Complex access codes for iOS access codes allow access to iPhone contacts and photos

A few extremely involved pass-code bypasses discovered in Apple's latest iOS 12 can allow attackers to access Contacts and Photo data on a user's iPhone, including those protected by Face ID.

Unraveled by Jose Rodriguez, the exploits are rather complicated, each contains multiple steps related to Siri, Apple's VoiceOver screen there function and, in one case, the Notes app. Both methods work on iPhones with the latest version of iOS, including models with Face ID or Touch ID biometric security.

The first of the two videos on the Spanish YouTube channel from Rodriguez explains a vulnerability that allows a potential attacker to bypass both Face ID and Touch ID security protocols.

Rodriguez demonstrates the process and activates VoiceOver via a Siri request. From there, he calls the target iPhone with a separate device and with the call dialog tapes the "Message" button to create a customized text message. Once in Messages, Rodriguez moves the text selector to the "+" symbol, specifies the addition of another contact, and then uses the secondary device to send a text message to the target iPhone, displaying a notification. Double-tapping the target iPhone screen while the notification is displayed seems to be causing a conflict in the iOS user interface.

Rodriguez confirmed to AppleInsider that the second device is required to perform the bypass.

Now that the screen is empty, Siri is reactivated and deactivated quickly. The screen remains empty, but VoiceOver's text selection box seems to be able to go to the Messages user menu and navigate through it. By swiping back through the available options and selecting "Cancel", the original Messages screen is retrieved, where a malicious user can add a new recipient. If you select a number using the keypad, recently dialed or received phone numbers and contacts are displayed that contain metadata associated with that number.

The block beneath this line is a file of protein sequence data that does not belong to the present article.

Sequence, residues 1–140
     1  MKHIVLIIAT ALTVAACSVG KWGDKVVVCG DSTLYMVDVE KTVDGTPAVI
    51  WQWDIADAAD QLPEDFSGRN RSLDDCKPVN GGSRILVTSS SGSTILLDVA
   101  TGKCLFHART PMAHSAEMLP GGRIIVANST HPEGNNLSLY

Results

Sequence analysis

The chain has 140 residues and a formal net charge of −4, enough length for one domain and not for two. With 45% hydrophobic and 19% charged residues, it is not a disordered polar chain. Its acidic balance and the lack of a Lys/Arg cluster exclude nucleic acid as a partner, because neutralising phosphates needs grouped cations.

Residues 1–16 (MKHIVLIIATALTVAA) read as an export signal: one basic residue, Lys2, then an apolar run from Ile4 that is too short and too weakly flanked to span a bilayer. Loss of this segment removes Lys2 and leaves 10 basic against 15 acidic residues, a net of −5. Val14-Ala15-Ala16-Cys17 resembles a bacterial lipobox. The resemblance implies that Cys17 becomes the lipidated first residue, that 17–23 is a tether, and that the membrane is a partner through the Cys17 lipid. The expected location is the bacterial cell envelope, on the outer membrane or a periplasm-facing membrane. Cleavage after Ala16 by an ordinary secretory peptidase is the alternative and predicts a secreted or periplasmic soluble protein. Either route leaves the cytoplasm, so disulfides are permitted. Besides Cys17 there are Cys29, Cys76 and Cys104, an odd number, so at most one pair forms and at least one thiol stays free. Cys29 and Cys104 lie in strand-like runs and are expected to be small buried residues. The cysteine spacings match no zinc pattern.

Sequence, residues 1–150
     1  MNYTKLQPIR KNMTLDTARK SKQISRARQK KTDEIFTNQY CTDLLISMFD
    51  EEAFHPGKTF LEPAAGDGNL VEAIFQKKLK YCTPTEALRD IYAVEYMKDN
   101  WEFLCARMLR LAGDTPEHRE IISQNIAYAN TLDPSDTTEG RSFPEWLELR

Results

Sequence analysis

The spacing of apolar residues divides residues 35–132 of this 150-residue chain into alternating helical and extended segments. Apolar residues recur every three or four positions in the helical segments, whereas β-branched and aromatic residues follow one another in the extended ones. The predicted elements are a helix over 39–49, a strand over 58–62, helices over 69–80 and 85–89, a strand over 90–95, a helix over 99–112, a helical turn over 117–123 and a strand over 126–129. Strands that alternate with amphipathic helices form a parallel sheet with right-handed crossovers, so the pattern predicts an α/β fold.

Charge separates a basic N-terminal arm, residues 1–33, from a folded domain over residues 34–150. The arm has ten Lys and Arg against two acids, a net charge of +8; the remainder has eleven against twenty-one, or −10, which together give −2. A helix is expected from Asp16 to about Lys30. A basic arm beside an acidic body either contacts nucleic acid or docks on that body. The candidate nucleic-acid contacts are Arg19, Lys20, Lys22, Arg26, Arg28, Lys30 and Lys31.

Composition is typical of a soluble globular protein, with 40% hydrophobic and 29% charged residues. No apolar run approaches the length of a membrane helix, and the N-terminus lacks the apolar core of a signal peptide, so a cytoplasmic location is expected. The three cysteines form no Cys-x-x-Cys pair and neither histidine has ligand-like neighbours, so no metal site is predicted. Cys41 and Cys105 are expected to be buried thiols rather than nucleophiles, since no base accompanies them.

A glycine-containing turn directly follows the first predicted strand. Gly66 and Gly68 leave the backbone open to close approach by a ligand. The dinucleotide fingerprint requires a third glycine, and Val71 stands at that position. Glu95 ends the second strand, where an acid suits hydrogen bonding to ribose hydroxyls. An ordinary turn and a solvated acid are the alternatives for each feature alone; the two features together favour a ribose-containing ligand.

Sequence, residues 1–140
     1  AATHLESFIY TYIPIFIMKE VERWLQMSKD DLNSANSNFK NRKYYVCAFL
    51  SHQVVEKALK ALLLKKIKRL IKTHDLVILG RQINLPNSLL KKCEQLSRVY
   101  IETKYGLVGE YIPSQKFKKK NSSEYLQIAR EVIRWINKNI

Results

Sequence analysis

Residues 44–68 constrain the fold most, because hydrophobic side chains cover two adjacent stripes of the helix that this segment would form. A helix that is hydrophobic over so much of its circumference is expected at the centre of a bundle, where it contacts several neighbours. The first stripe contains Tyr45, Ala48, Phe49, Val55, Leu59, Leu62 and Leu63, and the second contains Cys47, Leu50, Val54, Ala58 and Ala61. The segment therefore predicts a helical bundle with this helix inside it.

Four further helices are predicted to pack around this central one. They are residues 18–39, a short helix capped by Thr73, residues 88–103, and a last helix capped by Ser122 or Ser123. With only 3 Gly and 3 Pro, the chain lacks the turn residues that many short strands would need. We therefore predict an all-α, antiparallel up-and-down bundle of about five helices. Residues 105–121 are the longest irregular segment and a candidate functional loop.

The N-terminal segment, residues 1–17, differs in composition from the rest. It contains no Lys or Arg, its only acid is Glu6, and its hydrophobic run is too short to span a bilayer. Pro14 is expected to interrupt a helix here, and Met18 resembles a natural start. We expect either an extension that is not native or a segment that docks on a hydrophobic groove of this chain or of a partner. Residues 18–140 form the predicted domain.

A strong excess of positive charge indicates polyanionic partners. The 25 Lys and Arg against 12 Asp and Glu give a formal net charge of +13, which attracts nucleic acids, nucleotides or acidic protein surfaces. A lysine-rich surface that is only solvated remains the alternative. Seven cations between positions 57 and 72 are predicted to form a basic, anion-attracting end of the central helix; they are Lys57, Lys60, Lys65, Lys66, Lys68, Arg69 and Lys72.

Continuing, the entire address book can be opened if a displayed contact or number presents an "i" or info button next to its respective entry. Turning VoiceOver off again via Siri and tapping the "i" icon displays the information of a contact. If you do a 3D touch gesture on the contact avatar, options appear before & # 39; Call & # 39 ;, & # 39; Message & # 39 ;, & # 39; Add to existing contact & # 39; or & # 39; Create new contact & # 39 ;. Selecting the last option displays a complete list of contacts.

Finally, photos can be retrieved by re-enabling VoiceOver and swiping to "Film Roll" in an invisible user menu. Navigating through recent photos, screenshots, and other folders through gestures and audio prompts allows an attacker to assign individual photos to a contact's user icon.

A second video describes a bypass of the lock screen that, although limited in size, shows that there is another bug in Apple's mobile operating system.

Rodriguez calls Siri again, but this time he creates a new banknote. After he has added an image to the note, he locks the phone and repeats the process. If you tap the inserted image in the second note, a media sharing icon is displayed that, when selected, displays a blank shared folder user interface. Requesting Siri to enable VoiceOver provides access to an unseen menu with the default sharing options for a user.

Apple still needs to address the vulnerabilities in the latest iOS 12.1 beta.

Concerned users can minimize the exposure to the apparent errors by enabling Siri lock screen access Settings gt Face ID Passcode or Settings gt Touch ID access code under the heading "Allow access when locked". The second attack can be thwarted by enabling password protection for Notes by navigating to it Settings gt Notes gt Password.

Rodriguez discovered a number of lock screen bypasses in earlier versions of iOS, including an obscure SIM card related error in iOS 6.1.3.

© Appleinsider

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